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Dominant atmospheric circulation patterns associated with abnormal rainfall events over Rwanda, East Africa

Ngarukiyimana, Jean and Fu, Yunfei and Yang, Yuanjian and Ogwang, Bob and Ongoma, Victor and Ntwali, Didier (2018) Dominant atmospheric circulation patterns associated with abnormal rainfall events over Rwanda, East Africa. International Journal of Climatology, 38 (1). pp. 187-202. ISSN 0899-8418

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    Abstract

    The study investigated the dominant atmospheric circulation patterns associated with abnormal rainfall over Rwanda during the March–May (MAM) rainfall season in 1981–2010. The data sets used in this study include: rainfall, wind, sea surface temperature (SST), and humidity. Correlation and composite analysis and Percent of Normal Index (PNI) were deployed in this study. In the wet years (1987, 1988, and 1998), the country was dominated by moisture convergence, which is in line with wind anomalies that exhibits strong westerly winds from the Atlantic Ocean and southeasterly winds originated from the Indian Ocean. These winds carry moist air mass passing over Congo to the study area, leading to wet events. On the other hand, easterly winds were noted over the study area during the dry years (1984, 2000, 2007, and 2008). The observed wet years coincided with the El Niño events, while the dry years are noted during the La Niña episodes. The dry years exhibited a wide spread of moisture divergence anomaly at the low level and were characterized by the sinking motion as opposed to the wet years with the rising motion. The anomalies of velocity potential/divergence further showed that the wet (dry) years were characterized by convergence (divergence) at the low level. The results also show that there exists a low positive correlation between mean MAM rainfall and SST over the Indian Ocean, which shows minimum influence of the Ocean. On the other hand, it was noted that rainfall amounts is significantly correlated at 95% confidence level with the elevation (altitude) of a given station. This study improves the understanding of the occurrence of wet and dry events in Rwanda, which is helpful in future monitoring of these events.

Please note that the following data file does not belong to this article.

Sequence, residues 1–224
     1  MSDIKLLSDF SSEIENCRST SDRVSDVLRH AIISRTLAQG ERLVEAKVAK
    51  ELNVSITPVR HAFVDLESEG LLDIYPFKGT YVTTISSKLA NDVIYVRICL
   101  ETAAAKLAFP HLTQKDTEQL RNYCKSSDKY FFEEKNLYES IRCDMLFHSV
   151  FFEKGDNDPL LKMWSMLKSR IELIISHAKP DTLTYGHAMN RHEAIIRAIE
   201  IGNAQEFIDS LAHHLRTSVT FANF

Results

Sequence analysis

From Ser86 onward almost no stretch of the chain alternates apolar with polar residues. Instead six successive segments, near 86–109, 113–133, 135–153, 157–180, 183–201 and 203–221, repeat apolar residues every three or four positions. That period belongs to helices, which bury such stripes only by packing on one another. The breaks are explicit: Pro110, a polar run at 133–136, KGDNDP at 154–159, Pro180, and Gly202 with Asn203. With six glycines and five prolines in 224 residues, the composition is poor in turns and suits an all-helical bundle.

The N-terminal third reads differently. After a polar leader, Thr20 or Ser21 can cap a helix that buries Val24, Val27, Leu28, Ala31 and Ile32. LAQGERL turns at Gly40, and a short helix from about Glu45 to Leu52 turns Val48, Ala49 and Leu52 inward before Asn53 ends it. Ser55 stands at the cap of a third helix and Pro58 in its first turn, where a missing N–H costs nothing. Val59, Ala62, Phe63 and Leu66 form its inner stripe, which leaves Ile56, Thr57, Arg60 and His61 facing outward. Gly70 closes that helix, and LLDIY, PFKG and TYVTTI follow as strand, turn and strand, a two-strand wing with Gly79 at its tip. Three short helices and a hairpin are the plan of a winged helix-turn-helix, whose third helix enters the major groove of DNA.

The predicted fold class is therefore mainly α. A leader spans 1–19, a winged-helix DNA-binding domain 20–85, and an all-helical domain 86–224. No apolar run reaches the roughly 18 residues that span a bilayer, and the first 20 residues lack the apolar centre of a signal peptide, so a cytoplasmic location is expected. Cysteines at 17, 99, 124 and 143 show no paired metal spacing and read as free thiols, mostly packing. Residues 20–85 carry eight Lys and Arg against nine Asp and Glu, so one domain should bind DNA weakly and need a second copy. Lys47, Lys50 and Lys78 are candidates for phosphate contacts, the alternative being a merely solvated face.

Item Type: Journal Article
    Subjects: G Geography. Anthropology. Recreation > G Geography (General)
    G Geography. Anthropology. Recreation > GB Physical geography
    G Geography. Anthropology. Recreation > GE Environmental Sciences
    Divisions: Faculty of Science, Technology and Environment (FSTE) > School of Geography, Earth Science and Environment
    Depositing User: Victor Ongoma
    Date Deposited: 08 Apr 2019 13:09
    Last Modified: 08 Apr 2019 13:09
    URI: http://repository.usp.ac.fj/id/eprint/11459
    UNSPECIFIED

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